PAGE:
New York Postnuptial Agreements: Moving Past Betrayal

browse.jpegIt is not uncommon to hear stories about betrayal in a marriage. Whether it makes national headlines or involves the marriages of our neighbors and friends (or maybe even our own marriages), we may feel outraged, embarrassed, or sympathetic for the spouse that was betrayed. Over the years, I have had clients come to me after a betrayal seeking to stay in the marriage. They want to protect themselves from any further harm.

Even if trust has been broken, both spouses may want to pick up the pieces, work through problems, and move forward with the marriage. A postnuptial agreement (“postnup”) is a flexible tool to help a married couple rebuild trust and create goals for a fulfilling life together. In other words, it can be a creative way to help make the marriage work.

A postnup is a legally enforceable private agreement that a couple enters into after marriage (unlike a prenuptial agreement, which a couple executes prior to marriage). Generally, it is an opportunity for a couple to create understanding about important financial matters. Sometimes, it is the first time both spouses fully understand the family financial picture and make explicit the financial (and other) terms of the union.

The postnup can cover a range of issues, such as the parties’ financial goals, paying off debts, and the distribution of property and other assets, including the martial residence. Creating a postnup can be a way to re-build trust in a marriage and establish a solid financial plan. When forming a postnup, it is crucial that each party honestly communicates his or her needs to the other party.

Talking openly about money, for example, can be difficult if you and your spouse have not done so already. However, an attorney trained in mediation and collaborative law can facilitate the discussion and help you and your partner tackle the financial issues that need to be addressed. When both parties are on the same page and in agreement on financial matters, it provides the couple with a sense of security and makes it easier to move forward in the marriage.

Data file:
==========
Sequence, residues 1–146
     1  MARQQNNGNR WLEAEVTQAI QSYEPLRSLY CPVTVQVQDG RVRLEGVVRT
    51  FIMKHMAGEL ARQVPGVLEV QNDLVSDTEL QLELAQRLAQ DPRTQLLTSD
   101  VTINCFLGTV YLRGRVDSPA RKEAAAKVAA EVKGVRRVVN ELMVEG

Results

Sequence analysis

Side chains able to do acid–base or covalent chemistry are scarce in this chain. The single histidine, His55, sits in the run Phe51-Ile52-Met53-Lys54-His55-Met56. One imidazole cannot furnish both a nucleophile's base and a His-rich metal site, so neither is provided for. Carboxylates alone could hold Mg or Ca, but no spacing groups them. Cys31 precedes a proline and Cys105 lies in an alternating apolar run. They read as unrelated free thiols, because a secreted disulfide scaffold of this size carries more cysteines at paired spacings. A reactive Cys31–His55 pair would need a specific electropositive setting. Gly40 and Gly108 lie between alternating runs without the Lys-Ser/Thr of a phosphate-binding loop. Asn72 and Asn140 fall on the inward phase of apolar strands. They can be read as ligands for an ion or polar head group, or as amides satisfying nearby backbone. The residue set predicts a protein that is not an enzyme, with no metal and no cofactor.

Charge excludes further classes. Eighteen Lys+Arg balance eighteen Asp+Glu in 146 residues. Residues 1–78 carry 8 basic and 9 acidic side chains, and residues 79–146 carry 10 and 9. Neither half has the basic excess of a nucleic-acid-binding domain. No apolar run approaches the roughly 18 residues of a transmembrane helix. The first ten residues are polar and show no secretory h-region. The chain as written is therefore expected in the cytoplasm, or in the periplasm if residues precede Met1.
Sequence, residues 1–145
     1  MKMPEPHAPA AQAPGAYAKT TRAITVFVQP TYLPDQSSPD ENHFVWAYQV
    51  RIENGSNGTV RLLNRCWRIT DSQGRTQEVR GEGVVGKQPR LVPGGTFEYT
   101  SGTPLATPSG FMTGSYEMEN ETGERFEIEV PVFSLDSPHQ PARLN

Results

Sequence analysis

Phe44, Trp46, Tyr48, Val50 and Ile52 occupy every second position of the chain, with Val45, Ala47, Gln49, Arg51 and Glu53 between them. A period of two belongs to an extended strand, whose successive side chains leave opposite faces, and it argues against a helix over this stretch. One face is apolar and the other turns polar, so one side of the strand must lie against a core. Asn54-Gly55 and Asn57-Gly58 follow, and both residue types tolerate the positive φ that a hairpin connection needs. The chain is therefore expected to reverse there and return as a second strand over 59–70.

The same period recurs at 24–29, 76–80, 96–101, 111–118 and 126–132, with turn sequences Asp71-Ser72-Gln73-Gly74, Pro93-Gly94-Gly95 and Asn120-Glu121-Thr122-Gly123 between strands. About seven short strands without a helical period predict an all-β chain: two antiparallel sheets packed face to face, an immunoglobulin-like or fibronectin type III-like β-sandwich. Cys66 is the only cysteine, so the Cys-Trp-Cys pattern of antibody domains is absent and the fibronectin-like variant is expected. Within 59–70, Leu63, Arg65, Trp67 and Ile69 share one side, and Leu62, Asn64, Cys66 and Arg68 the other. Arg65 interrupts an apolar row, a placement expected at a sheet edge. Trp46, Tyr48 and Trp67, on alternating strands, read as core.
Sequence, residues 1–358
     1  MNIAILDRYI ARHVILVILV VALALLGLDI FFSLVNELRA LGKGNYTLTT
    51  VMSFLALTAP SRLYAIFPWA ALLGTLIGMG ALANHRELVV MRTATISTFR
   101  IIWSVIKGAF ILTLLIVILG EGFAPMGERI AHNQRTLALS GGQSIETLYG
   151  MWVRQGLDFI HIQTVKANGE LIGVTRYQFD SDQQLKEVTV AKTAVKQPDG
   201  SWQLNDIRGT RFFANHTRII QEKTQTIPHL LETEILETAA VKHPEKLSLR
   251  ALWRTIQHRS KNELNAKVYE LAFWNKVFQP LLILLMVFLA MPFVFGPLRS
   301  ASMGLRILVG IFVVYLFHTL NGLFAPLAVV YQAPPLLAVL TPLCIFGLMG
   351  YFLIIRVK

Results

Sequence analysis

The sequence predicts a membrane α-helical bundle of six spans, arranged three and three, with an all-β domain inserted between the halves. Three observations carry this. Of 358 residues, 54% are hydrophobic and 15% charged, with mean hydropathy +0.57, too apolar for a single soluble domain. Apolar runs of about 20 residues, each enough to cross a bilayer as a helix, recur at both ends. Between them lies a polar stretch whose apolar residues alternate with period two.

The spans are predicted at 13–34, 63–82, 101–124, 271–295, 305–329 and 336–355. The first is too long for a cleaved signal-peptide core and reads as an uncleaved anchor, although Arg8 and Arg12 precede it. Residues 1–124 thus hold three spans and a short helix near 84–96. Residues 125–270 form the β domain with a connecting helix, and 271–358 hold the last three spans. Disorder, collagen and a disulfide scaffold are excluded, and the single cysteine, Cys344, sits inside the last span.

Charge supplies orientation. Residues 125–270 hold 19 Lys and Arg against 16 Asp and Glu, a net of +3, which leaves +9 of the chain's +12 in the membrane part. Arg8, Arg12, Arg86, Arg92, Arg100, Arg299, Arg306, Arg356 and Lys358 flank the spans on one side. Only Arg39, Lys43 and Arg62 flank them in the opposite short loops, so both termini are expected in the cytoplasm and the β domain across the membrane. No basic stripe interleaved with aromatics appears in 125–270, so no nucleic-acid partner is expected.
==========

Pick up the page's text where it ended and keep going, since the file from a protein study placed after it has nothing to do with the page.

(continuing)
When there is a breach of trust, it does not necessarily mean the marriage is over. The creation of a postnup allows the spouse that was betrayed to voice his or her needs, which can be empowering. It also provides the person an opportunity to exercise a certain level of control and may restore his or her place–and faith–in the marriage. Where both spouses want the marriage to continue, creating a postnup that addresses the couple’s finances is a viable and constructive solution to help preserve the marriage.

A postnup is a contractual agreement between two parties. Therefore, a legally enforceable postnup must follow certain requirements in order for it to be held valid under the law. Both parties must have capacity to enter into the agreement. Generally, a valid postnup must also be in writing and shall contain the written signatures of each party. There also must be adequate consideration in order for a postnup to be deemed legally enforceable. Consideration is where one party agrees to give or do something in exchange for a promise or the performance of an act by the other party.

It is important to note that postnups are governed by state law and the requirements under each state may differ. The general contract requirements mentioned above are not exhaustive and certain states may require parties entering into a postnup to follow additional rules. Therefore, it is advisable that you speak with an attorney before creating a postnup to ensure it is held valid in the state where you live.

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